Durban - King Goodwill Zwelithini says he wants the British royal family to compensate the Zulu kingdom for destroying his great-grandfather King Cetshwayo’s Ondini Palace more than a century ago.
He said on Tuesday the British army set the Zulu king’s main homestead in Ulundi on fire on July 4, 1879, in retaliation for defeat by Cetshwayo’s regiments at Isandlwana earlier that year.
Speaking at the sod-turning of the multimillion-rand Isandlwana Heritage Village, the king said he did not harbour any animosity against the “English emperor” for destroying the palace.
“But it would be nice if the English kingdom would one day compensate us. It should be understood that I am an enemy with them,” he said.
Historians contacted by The Mercury on Tuesday, however, expressed surprise at the king’s call, saying the destruction of Ondini was not on Queen Victoria’s orders, and that the battle at Ulundi in 1879 needed to be considered in the broader context of the war in 1879.
The project to develop the Isandlwana Battlefield is being spearheaded by the KZN Arts and Culture Trust. The National Lotteries Board donated R12.5 million for the construction of the first phase, which is expected to be opened in January.
The king said he was happy that the sod-turning was conducted a few days before the commemoration of the demise of his ancestor’s homestead.
In 1879, a Zulu army marched from Ondini to Isandlwana outside Nquthu to fight troops commanded by Lord Chelmsford. The Zulus, armed with spears and shields, were up against the Redcoats and their rifles and cannon, yet the Zulus over-ran the British in a battle on January 22 when their ammunition ran out.
The battle site would now be developed into a tourism destination with a hotel, bed-and-breakfast facilities, a service station and history museum. The king said he wanted it to be developed along world standards to rival the best.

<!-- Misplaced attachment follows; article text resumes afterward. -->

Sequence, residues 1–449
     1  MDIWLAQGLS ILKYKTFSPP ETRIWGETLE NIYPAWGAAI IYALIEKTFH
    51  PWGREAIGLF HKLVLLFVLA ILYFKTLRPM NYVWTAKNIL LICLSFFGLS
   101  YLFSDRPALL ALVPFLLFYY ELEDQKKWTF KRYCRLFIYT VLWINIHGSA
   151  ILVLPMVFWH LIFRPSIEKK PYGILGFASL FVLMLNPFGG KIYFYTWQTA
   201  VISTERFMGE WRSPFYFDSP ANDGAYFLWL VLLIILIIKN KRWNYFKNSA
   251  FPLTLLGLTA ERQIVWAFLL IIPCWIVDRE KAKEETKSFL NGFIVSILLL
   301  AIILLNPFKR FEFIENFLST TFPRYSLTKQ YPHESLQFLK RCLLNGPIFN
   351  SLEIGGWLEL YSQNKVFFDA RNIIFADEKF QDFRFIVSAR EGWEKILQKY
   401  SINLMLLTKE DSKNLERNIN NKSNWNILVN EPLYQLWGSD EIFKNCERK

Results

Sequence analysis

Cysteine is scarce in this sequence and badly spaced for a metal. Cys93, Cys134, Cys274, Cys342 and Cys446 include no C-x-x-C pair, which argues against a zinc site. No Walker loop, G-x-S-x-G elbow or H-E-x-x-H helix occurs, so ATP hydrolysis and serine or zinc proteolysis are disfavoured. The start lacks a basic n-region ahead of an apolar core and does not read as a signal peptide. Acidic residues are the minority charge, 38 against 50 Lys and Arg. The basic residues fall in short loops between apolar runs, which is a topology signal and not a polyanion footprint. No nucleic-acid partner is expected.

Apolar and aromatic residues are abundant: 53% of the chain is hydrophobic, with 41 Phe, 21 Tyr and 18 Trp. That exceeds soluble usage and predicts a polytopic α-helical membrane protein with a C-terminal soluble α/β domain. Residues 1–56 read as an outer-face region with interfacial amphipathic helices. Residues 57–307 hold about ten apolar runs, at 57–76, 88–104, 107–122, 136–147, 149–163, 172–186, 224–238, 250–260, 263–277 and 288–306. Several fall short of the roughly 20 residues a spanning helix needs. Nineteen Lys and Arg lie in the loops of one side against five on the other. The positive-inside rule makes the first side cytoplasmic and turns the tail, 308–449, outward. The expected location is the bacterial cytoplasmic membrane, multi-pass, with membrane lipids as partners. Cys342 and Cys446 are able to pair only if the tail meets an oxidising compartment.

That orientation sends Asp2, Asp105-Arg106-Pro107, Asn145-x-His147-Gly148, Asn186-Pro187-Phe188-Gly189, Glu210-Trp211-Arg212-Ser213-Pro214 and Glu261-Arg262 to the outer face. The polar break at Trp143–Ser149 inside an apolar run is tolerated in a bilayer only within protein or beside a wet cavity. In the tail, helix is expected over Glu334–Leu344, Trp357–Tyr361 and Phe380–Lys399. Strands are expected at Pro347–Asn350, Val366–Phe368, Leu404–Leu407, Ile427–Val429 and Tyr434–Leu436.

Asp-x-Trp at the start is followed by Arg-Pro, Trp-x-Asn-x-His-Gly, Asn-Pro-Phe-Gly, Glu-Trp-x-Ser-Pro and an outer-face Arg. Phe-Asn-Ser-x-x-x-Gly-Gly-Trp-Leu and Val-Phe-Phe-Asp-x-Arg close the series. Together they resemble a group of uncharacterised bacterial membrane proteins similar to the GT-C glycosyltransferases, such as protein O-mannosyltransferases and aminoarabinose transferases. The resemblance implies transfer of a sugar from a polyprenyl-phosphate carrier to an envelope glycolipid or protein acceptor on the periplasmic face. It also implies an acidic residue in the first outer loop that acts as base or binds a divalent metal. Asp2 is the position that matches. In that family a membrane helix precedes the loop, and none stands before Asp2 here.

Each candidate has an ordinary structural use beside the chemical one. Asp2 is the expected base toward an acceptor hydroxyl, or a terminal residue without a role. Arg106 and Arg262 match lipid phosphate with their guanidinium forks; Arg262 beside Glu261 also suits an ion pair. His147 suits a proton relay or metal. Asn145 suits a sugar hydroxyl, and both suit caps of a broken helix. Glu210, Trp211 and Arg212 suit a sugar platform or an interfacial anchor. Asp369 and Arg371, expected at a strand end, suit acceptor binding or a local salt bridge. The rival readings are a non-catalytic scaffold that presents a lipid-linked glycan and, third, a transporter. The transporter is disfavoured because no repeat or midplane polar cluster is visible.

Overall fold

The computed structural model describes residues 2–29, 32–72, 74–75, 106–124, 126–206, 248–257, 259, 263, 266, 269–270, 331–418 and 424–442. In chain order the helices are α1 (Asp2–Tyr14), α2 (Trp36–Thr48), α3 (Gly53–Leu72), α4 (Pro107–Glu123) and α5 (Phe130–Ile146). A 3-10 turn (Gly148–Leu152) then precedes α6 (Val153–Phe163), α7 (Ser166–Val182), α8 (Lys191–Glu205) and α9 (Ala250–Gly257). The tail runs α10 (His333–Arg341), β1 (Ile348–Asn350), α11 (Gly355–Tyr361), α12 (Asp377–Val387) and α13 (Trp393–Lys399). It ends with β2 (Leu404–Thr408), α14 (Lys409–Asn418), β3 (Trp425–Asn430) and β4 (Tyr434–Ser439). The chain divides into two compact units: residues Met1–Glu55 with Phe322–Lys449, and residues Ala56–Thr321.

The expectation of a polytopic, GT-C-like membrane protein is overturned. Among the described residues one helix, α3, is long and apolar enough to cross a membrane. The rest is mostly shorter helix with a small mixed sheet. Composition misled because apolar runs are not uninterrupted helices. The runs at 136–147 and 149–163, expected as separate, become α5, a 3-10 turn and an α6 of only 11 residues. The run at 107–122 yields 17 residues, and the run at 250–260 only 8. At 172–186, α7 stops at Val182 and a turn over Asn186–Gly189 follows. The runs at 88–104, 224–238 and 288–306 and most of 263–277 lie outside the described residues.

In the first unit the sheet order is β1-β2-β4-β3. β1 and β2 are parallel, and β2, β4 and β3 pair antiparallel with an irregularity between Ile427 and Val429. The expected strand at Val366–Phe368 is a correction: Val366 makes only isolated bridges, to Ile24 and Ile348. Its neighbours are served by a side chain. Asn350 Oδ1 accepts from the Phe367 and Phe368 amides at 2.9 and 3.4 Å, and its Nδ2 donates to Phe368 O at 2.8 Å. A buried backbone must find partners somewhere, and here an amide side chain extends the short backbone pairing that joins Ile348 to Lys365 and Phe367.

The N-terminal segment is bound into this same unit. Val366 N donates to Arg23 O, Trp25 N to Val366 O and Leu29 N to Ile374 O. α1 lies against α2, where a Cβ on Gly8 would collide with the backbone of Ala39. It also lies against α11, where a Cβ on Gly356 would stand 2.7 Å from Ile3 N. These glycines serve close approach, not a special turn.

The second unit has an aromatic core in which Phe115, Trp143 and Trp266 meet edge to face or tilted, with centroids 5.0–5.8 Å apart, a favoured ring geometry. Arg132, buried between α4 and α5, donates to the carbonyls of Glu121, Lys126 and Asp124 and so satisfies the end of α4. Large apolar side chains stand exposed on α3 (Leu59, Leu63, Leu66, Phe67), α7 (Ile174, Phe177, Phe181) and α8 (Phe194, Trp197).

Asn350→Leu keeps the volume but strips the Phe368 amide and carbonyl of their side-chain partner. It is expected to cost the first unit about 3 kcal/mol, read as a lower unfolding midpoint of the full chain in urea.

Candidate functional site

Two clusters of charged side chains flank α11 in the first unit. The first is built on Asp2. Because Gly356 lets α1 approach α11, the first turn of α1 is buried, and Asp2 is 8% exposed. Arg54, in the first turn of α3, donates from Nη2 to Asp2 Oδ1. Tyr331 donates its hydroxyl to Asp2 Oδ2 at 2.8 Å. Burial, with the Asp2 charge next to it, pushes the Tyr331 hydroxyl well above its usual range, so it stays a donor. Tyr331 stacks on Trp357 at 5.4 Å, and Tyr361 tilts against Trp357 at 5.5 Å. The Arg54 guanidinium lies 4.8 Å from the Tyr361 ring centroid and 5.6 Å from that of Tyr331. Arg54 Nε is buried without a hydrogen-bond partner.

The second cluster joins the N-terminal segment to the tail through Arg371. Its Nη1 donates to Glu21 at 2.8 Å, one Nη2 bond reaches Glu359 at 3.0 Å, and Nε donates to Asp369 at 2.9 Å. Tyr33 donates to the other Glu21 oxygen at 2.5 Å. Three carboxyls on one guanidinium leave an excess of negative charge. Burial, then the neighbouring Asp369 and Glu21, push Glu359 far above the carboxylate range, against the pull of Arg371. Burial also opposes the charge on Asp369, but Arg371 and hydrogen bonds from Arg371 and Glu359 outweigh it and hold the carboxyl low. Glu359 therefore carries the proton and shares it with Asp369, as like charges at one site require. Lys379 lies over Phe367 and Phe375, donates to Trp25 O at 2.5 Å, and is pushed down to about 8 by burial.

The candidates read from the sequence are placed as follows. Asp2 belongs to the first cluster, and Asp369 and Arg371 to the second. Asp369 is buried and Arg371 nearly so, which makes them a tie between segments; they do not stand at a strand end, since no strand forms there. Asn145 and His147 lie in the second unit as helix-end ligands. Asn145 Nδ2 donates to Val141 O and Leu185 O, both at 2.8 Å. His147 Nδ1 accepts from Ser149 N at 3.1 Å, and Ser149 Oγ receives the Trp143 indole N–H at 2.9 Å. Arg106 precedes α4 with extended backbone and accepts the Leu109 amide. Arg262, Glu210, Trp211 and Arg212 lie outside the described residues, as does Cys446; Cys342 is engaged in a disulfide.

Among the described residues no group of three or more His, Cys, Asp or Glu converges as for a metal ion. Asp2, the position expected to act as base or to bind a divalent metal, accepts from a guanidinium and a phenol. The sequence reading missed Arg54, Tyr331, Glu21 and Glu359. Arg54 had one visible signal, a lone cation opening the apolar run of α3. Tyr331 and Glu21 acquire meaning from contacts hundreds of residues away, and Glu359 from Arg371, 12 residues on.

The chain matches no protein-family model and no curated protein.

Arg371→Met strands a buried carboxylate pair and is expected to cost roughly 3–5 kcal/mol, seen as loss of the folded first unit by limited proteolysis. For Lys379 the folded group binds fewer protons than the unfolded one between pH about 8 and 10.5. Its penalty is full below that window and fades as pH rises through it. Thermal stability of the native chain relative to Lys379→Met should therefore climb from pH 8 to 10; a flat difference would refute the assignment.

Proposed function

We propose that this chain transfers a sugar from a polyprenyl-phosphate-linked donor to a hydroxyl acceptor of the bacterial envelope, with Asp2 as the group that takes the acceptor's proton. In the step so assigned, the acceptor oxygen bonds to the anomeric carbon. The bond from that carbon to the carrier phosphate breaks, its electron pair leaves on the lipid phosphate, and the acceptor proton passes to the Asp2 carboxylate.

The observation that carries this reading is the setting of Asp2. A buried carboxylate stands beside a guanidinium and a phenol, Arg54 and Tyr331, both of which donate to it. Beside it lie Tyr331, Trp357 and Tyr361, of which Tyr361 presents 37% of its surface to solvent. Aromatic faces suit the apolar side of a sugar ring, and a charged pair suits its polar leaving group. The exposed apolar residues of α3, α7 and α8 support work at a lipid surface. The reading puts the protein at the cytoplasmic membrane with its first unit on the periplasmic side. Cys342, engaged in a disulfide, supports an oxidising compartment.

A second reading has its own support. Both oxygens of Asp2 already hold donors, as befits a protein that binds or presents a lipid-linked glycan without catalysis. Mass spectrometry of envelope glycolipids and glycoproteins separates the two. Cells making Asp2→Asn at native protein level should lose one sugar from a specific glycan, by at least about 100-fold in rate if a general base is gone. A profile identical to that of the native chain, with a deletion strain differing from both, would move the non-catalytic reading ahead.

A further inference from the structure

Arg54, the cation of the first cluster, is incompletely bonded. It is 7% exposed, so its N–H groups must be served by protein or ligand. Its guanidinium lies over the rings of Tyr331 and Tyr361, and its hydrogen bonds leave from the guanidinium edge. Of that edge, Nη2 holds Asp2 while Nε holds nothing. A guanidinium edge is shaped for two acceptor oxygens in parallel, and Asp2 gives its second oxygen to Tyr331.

“It would be good if the site is planned to look like Waterloo in Belgium so tourists would have a better understanding of how this war was fought,” he said.
However, drought across northern KZN remained a serious problem. The king said this would become a challenge for the new facility.
“In Zululand there is no water, in uMzinyathi there is no water, in uThungulu there is little water. This centre will need water,” he said.
KZN Arts and Culture Trust chief executive Gugu Ngcobo said the first phase would be the cultural home for the Zulu regiment and its commander-in-chief (king) would have his special house inside the centre.
“This home will have the history of black people pre-colonialism. It will tell us that before colonialism we had our own education system, scientists and linguistics.
Ngcobo said she was hopeful that the opening of the first phase would be in January to coincide with the commemoration of 200 years since King Shaka formed the Zulu nation. But she said environmentalists were delaying the construction.
“Our funder wants the handover to take place in January. I wanted the work to start even tomorrow, but we can’t because of environmental studies that are still being conducted. The latest the earthmover should start working is July,” she said.
National Lotteries Board chairman Professor Govin Reddy said the board decided to fund the development because it was where the Zulus demonstrated heroism despite lacking firearms.
“Isandlwana was a lesson of what can be done against all odds,” he said.
Noted historian and battlefield guide Ken Gillings said after his father King Mpande kaSenzangakhona’s death, King Cetshwayo moved his capital and established his second Ondini palace in what was referred to as Ulundi.
“This royal homestead was the objective of the British in 1879 and was burnt to the ground after the Battle of Ulundi on July 4, 1879.”
Regarding the king’s comments on Tuesday, Gillings noted that the British royal family did not sanction the Anglo-Zulu War of 1879; it was orchestrated by the British high commissioner in Cape Town and the commander-in-chief in South Africa, Sir Bartle Frere.
Frere, he said, pursued the former colonial secretary Lord Carnarvon’s ideal of confederation in Southern Africa.
“The British royal house was unaware of Frere’s decision to invade Zululand, so it would probably be a little unfair to expect them to compensate the Zulu people when Queen Victoria was in all likelihood unaware.”
Pam MacFadden, a historian, tour guide and curator of the Talana Museum in Dundee, said she was surprised that King Zwelithini had said the British royal family should compensate the Zulu people, because history could not be changed.
MacFadden has done field research into the military conflicts fought in KwaZulu-Natal and published four books.
“You cannot take one thing out of isolation; you cannot take the battle of Ulundi out of the whole story and say you want compensation. You have to look at the whole picture.”